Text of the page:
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8. Terms of Endearment (1983)
A critical and commercial darling, ‘Terms of Endearment’ follows a tumultuous, yet endearing journey between a mother and daughter. Starring Shirley MacLaine as Aurora Greenway and Debra Winger as Emma Greenway-Horton, the film is powered by their engaging discourse of such an intimate relationship. Directed by James L. Brooks, the film is set through a pattern of engaging the audience with the actors’ presentation of their respective characters with ease. Adapted from Larry McMurtry’s novel ‘Terms of Endearment’, the film holds the narrative style of poking the repressed emotions within a person. The team’s efforts catapulted the flick into commercial and critical success. It went on to win 5 Academy Awards, which included the major awards in the “Best Picture”, “Best Director” and “Best Actress” categories.
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7. Scarface (1983)
Some might call ‘Scarface’ an overrated flick, and some might call it an unnecessarily grotesque flick, but no one can deny director Brian De Palma’s genius.One of the most gritty and bloody movies, Scarface is a story about an exiled Cuban criminal who rises to be the top drug kingpin in 1980s Miami. The Brian De Palma film is often attributed by filmmakers as Martin Scorsese has a major influence on the genre of mob films. Starring Al Pacino, the film was presented by the actor himself after watching the 1932 film of the same name. The film paid focus on the drug trafficking, primarily cocaine and the rising violence in America.
Al Pacino perfectly captured the essence of the loud-mouthed and short-tempered Tony Montana who could be a merciless as Satan himself. Who can forget his famous “Say hello to my little friend” send which haunted the audience with it over-the-top gun violence? What makes it an even more classic is the fact that the initial critical comments were pretty poor as many considered the vehemence, profanity and graphic drug usage quite unnecessary. However, since then Scarface received redeemed itself and has morphed into being one of the best mob films of all time and even earned a spot in American Film Institute’s top 10 gangster movies.
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6. The Right Stuff (1983)
An epic historical drama film, ‘The Right Stuff’ covers the span of 15 years and recounts the formation of America’s space program, concentrating on the original Mercury astronauts. Directed by the chameleonic Philip Kaufman, the film does not use the “great achievement” as an excuse for a poor script but utilises the narrative brilliance of author Tom Wolfe to recreate an intriguing story. While ‘The Right Stuff’ could have easily stagnated, given the humongous time span, the narrative style adapted by the director from the aforesaid Wolfe, the film never seems to be chaotic or festered. The pictorial cinematography by Caleb Deschanel provided the epic essence such film requires and Bill Conti’s background score is par excellence.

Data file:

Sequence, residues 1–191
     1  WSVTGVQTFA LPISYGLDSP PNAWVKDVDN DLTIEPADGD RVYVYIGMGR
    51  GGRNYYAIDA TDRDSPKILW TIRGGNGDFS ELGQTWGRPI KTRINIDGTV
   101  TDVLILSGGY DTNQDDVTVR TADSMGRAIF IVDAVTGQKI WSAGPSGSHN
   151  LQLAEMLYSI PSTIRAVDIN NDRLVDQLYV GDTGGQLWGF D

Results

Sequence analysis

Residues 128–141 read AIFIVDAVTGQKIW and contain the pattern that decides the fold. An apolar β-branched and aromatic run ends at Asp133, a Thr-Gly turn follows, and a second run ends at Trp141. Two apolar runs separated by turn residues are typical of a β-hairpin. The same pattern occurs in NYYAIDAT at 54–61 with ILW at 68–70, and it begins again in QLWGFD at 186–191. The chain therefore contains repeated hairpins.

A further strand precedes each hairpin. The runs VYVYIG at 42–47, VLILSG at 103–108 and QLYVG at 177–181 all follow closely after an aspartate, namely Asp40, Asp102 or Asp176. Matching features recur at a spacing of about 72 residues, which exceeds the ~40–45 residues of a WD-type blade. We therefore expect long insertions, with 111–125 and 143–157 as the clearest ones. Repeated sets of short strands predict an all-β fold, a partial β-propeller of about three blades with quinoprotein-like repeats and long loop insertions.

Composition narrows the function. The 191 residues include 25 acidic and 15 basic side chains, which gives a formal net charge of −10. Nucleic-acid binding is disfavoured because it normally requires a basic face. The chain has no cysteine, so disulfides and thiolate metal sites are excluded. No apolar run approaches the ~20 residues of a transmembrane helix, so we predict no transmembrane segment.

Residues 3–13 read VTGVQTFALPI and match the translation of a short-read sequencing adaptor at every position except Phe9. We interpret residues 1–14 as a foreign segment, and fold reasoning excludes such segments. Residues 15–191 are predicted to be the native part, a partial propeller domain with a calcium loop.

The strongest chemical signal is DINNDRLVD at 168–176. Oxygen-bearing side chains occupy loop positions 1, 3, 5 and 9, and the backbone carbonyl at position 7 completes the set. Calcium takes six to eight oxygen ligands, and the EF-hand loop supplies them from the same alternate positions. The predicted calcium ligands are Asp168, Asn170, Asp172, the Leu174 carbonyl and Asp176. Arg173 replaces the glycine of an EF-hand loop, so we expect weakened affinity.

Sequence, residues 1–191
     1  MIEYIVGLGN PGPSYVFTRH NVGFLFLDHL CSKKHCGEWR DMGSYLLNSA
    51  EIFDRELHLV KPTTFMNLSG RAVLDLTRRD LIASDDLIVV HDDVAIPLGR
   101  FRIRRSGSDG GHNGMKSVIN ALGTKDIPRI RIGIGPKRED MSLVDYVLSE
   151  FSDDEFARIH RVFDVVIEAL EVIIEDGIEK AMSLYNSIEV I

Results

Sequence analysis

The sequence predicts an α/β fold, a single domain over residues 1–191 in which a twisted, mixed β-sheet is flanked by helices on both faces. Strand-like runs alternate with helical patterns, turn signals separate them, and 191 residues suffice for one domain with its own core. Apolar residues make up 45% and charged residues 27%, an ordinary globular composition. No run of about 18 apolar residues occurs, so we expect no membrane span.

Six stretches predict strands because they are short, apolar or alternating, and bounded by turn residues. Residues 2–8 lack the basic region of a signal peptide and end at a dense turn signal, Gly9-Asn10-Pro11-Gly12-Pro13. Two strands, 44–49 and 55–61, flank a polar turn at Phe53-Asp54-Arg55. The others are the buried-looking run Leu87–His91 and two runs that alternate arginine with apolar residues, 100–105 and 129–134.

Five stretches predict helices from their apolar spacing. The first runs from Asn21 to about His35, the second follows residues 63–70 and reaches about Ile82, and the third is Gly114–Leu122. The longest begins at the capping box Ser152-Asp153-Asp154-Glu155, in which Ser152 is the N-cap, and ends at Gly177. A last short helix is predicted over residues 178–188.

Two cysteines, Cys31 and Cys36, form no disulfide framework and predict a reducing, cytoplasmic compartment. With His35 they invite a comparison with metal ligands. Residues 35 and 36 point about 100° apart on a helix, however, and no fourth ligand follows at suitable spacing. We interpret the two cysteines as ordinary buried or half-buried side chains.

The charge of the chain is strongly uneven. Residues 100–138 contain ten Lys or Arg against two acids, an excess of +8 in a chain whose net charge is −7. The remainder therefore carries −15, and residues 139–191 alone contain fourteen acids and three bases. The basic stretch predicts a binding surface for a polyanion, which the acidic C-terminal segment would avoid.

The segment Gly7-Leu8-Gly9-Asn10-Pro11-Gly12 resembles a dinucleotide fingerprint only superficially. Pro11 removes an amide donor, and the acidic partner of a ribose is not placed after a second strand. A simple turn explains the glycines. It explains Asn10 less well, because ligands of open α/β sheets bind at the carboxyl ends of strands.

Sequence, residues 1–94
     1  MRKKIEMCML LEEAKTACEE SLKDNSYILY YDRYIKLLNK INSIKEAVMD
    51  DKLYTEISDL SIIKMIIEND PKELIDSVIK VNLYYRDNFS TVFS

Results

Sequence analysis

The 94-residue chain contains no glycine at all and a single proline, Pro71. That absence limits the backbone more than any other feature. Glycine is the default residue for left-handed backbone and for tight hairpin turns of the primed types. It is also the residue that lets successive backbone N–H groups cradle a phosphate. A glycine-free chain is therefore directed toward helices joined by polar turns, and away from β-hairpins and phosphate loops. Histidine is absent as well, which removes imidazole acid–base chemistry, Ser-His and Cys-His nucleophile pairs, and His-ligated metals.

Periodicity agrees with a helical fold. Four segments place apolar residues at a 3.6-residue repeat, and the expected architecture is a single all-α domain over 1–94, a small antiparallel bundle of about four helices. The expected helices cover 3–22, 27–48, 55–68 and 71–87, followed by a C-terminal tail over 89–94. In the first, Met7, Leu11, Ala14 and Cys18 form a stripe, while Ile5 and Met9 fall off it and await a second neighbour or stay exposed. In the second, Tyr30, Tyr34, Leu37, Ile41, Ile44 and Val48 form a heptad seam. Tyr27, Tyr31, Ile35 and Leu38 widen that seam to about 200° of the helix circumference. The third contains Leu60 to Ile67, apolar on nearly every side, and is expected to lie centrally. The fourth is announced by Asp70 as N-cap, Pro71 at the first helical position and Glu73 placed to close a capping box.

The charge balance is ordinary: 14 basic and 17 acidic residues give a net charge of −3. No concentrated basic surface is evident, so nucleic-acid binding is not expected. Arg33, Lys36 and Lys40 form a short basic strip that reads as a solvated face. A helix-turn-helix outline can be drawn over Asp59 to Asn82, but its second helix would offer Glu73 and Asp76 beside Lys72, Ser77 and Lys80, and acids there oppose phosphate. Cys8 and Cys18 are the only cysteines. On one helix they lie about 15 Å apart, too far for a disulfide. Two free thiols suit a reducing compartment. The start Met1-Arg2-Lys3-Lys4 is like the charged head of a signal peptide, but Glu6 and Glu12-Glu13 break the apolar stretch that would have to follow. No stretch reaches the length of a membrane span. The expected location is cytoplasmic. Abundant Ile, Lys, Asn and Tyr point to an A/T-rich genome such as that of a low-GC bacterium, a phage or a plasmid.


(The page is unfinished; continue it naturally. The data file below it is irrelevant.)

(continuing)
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5. Return of the Jedi (1983)
Capping off what is probably the most iconic trilogy, ‘Return of the Jedi’ broke through the commercial barriers to become the highest grossing movie of 1983. However, this is not the reason as to why ‘Return of the Jedi’ is one of the best movies of 1983. Set one year after ‘The Empire Strikes Back’ (1980), this flick takes off from a daring rescue mission conducted by Luke Skywalker to save Han Solo from crime lord Jabba the Hutt, the rebels dispatch to Endor to destroy a more powerful Death Star. Directed by Richard Marquand, the film certainly wasn’t the cinematic brilliance. While ‘Return of the Jedi’ couldn’t receive the critical applause its predecessors did. However, this 1983 space opera managed to exploit the emotions of the trilogy’s fans. Even though the film did miss the directorial genius of both George Lucas and Irvin Kershner, ‘Return of the Jedi’ strongly built a foundation on Lawrence Kasdan and George Lucas’ articulate screenplay.
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4. Zelig (1983)